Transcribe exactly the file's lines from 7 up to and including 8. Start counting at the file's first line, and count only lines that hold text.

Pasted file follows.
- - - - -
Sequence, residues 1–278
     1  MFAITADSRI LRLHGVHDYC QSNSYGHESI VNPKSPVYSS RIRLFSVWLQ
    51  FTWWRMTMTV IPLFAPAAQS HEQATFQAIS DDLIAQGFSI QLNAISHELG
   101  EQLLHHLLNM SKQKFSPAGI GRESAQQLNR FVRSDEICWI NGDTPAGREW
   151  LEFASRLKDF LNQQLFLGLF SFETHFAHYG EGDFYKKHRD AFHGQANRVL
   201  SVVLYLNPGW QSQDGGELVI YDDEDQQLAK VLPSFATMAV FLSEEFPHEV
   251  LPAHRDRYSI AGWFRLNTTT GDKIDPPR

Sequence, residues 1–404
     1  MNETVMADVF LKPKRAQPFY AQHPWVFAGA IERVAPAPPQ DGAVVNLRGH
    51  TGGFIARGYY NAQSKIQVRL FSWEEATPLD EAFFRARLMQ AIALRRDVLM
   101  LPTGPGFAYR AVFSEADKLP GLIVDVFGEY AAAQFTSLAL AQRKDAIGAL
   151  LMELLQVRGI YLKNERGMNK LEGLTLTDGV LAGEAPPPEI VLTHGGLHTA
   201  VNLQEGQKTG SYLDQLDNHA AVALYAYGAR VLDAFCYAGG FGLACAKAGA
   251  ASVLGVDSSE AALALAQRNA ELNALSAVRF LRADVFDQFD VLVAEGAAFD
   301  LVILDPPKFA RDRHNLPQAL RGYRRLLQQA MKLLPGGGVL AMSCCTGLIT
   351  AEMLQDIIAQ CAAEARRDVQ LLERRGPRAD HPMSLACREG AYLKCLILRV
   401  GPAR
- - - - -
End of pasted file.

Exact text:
   251  LPAHRDRYSI AGWFRLNTTT GDKIDPPR

Sequence, residues 1–404